It is simply wonderful to see the exchange and connection formed among supportive authors, who not only encourage each other, but selflessly share advice, news and opportunities, as well as the occasional creative challenge.
You may remember we started a picture challenge for authors(the authors of the fb BooksGS group have been more than supportive of the idea;), where two authors send each other a picture and dare each other to write a story about it in 500-1,000 words. The story may be related to their books or not, whatever they want, and the genre is not set. The point is to use it for practice and then share on each other’s blogs, twitters, facebook, etc., connecting authors into an even more tightly woven net.
I am happy to say the challenges are still alive and kicking, so here is Aditi Kaushiva’s reply to Traci Sanders and her picture on Aditi’s blog.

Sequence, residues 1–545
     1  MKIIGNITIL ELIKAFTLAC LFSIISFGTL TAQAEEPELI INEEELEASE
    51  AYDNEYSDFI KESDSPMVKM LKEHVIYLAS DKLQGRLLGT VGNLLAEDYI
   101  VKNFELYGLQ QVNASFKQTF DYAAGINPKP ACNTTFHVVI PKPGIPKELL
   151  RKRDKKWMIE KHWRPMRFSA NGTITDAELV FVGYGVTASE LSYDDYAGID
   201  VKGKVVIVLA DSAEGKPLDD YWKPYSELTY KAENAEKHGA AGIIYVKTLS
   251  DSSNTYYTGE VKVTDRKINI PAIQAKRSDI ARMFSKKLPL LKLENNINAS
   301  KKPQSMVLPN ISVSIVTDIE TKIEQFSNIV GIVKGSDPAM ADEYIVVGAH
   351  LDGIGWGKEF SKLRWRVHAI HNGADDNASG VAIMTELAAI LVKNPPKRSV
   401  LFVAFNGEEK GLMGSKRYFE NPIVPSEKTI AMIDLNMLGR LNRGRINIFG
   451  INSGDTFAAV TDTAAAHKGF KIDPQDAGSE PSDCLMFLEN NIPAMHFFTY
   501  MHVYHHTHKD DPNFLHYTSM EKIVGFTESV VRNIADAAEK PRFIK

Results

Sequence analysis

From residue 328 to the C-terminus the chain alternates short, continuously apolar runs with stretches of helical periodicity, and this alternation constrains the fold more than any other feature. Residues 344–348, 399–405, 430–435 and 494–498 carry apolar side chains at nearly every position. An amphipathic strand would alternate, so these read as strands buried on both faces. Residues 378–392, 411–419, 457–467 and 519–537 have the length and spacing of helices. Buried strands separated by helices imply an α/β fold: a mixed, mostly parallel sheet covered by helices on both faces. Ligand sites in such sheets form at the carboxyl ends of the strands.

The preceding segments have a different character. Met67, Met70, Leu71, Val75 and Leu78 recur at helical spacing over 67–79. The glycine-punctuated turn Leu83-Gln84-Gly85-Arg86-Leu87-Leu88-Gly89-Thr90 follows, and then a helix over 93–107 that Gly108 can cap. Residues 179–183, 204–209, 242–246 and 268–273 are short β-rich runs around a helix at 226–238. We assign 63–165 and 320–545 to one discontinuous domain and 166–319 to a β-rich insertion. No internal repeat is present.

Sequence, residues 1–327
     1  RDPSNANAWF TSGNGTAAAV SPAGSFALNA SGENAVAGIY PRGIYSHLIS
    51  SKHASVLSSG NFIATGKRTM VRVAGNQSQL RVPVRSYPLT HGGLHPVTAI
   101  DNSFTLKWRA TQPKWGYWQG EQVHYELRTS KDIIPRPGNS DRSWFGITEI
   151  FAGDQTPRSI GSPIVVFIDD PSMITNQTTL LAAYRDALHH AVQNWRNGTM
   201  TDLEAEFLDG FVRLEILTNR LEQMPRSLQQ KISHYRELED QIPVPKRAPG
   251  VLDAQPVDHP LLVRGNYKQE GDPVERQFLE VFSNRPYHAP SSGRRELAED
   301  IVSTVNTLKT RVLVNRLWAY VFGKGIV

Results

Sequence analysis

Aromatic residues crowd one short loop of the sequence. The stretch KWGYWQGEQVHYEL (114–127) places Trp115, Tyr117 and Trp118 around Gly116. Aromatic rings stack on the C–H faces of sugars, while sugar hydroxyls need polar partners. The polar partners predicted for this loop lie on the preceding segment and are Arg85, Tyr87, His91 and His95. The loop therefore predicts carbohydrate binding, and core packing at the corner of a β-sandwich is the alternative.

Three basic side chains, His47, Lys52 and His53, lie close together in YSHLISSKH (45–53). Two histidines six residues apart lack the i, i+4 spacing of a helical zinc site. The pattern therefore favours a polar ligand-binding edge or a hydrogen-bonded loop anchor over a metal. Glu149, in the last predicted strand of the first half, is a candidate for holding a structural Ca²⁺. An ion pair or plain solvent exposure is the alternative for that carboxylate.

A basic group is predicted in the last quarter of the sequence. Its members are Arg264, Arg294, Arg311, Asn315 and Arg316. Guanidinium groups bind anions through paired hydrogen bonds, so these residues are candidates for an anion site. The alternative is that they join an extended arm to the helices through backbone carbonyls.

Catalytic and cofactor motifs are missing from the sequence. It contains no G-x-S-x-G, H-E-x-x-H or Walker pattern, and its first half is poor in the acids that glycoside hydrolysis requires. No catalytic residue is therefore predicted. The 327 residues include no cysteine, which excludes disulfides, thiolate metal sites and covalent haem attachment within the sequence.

My Escape by Aditi
It is simply wonderful to see the exchange and connection formed among supportive authors, who not only encourage each other, but selflessly share advice, news and opportunities, as well as the occasional creative challenge.
The sky was cloudy. Not gloomy, but fluffy white clouds. Just the way Meg liked it. Cloud watching had recently become one of her favourite passtimes.
Mummy was gone now, that awful car crash taking her life, and Meg was sad. She looked back over her shoulder at her dad who was conducting his orchestra with furious energy spawning from his wand. The deep wrinkle on his forehead and the hard, thin line of his lips piled more heavy stones into her little tummy, stacking a wall like tetris, but black and heavy, and without any of the fun.
He was preparing for another concert and kept dragging her to rehearsals, because that kind doctor lady told him to spend more time with his daughter. Meg liked this big shell-like opera house, but she would have preferred to run around. Instead, she had to be quiet, to sit and wait. Ever since she had lost a tiny pony toy under the seats and made noise looking for it, her father forbade her to bring any toys or even books. All she had to do with herself was look through the window.